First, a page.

Tough choices as Austin council weighs a pools plan with new input


The debate over the future of Austin aquatic facilities returns to City Hall this week, pitting Austinites’ love of their neighborhood pools against a hefty price tag and, some city leaders say, fiscal reality.

The Austin City Council is expected to vote this week on an aquatics master plan that had been punted some months ago amid outcry that it could set up a fierce battle between neighborhoods to save their pools from closure. The master plan comes back to the council with the input of a task force set up last year to look over the shoulder of the consultant-produced report.

The master plan, underway since 2012, ranks city swimming pools for repairs and recommends closing an unspecified 10 to save money. City staffers estimated it would cost $48.6 million just to keep existing pools from failing, $135.8 million to upgrade them and $57.6 million to build five new pools in underserved areas of the city.

The task force’s report proposes fending off pool closures with a $124 million bond proposition just for aquatics in November. Staff has so far asked for only $15 million of new potential bonds to go to aquatics, as a bond task force weighs competing requests for city projects to send to voters.

THE BACK STORY: There will be winners and losers in swimming pool plan

A $124 million aquatics bond proposal could replace all pools likely to fail within the next five years and pay for new pools in Colony Park, Northwest Austin, Southeast Austin and Southwest Austin, the aquatics task force said.

Most importantly, no pool should close without a specific vote of the City Council to do so, its report recommended.

Rick Cofer, who first pushed for the task force and served as its chairman, said he hoped the recommendations would embolden the city’s staff to ask for more money from the council and push public dialogue around closing pools.

“The initial proposal would have closed almost a dozen pools, and that’s just unacceptable,” he said.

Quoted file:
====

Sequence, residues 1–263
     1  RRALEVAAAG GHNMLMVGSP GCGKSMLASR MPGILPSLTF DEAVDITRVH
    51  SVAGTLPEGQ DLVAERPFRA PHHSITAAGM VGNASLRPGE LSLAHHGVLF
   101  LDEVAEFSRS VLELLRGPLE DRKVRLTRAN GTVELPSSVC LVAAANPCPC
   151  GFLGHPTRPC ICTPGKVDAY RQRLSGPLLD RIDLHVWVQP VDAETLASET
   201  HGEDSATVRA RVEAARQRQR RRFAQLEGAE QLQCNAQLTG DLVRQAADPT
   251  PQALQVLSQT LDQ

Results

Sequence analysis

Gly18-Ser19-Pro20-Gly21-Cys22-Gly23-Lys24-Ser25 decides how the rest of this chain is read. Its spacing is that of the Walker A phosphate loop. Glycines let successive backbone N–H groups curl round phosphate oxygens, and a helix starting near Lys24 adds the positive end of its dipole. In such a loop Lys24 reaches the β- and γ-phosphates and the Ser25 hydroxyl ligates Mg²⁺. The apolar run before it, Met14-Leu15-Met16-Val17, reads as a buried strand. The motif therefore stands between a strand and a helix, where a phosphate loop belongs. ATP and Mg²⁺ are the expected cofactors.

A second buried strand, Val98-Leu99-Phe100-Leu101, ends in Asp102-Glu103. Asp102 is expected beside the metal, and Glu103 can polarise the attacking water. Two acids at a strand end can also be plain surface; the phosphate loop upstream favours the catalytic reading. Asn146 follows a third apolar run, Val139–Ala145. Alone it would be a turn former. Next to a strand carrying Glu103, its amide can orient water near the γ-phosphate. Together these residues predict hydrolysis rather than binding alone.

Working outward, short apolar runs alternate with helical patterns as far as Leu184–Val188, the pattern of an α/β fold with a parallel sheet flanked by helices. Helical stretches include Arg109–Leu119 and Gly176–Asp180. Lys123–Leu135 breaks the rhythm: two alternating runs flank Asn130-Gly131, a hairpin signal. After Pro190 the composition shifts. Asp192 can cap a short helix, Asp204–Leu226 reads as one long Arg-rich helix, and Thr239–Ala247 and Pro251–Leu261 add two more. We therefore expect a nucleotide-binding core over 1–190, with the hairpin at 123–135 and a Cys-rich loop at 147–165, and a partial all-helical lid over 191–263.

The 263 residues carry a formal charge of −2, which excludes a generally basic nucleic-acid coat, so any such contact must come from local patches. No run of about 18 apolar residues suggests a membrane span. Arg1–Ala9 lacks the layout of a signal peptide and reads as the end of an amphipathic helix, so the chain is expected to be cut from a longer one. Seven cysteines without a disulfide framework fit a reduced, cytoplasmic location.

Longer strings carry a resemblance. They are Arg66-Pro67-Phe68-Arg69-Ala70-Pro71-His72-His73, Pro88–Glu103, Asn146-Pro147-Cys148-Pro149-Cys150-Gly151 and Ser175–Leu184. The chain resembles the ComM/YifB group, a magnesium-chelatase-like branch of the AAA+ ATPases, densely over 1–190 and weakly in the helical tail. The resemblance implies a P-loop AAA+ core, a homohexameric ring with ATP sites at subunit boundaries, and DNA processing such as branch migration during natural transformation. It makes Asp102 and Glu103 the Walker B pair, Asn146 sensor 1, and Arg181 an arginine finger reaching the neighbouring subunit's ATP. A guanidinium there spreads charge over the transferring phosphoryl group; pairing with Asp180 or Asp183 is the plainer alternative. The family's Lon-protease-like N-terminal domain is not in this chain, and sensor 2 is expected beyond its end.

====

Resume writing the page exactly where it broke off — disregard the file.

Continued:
Council members traded arguments over the future of city swimming pools during a workshop Tuesday, with some passionately calling to invest in saving them and others saying that, with tight budgets, other priorities should come first.

“We’ve been doing Band-Aids, and doing Band-Aids poorly, for decades,” Council Member Alison Alter said. “If we have no resources that we increase to our aquatics, we will have a decommissioning situation again and again, and it will just be Russian roulette over whose pools get there.”

Council Member Jimmy Flannigan said he wouldn’t support a master plan to build new pools — even in his own district — when the city can’t support the existing ones.

“We all have a little bit of PTSD from the last budget, and I just don’t see where the money is going to come from,” he said. “Recommending a new pool in my district is just one example of how we’ve lost our way in making a rational decision on finances.”

RELATED: Parks board: Austin pools master plan sets up aquatic ‘Hunger Games’

Kimberly McNeeley, acting director of the Parks and Recreation Department, noted that the master plan is more of a blueprint for making decisions, rather than a set of policy recommendations. Some of the task force recommendations have been incorporated as amendments, but the ideas for an aquatics bond package and for the council to vote on any closures are separate policy ideas.

Other policy suggestions from the task force include asking Austin Energy and Austin Water to grant “at cost” rates for water and electricity, banking pool fee revenue to use specifically for maintenance and possibly adding fees for a longer swim season.

In feedback sent to the city, several members of the public decried that city pools are open only a couple months of the year, even though it’s hot most of the year. Numerous people said they’d be happy to pay admission for more time.

Input was mixed on whether the city should build an indoor pool. Some residents wrote that such a facility would address an unmet need, while others said it wasn’t needed at all.

While national industry standards have evolved towards creating large, regional aquatic centers with play features, public input in Austin overwhelmingly supported smaller, simpler neighborhood pools where children could learn to swim.



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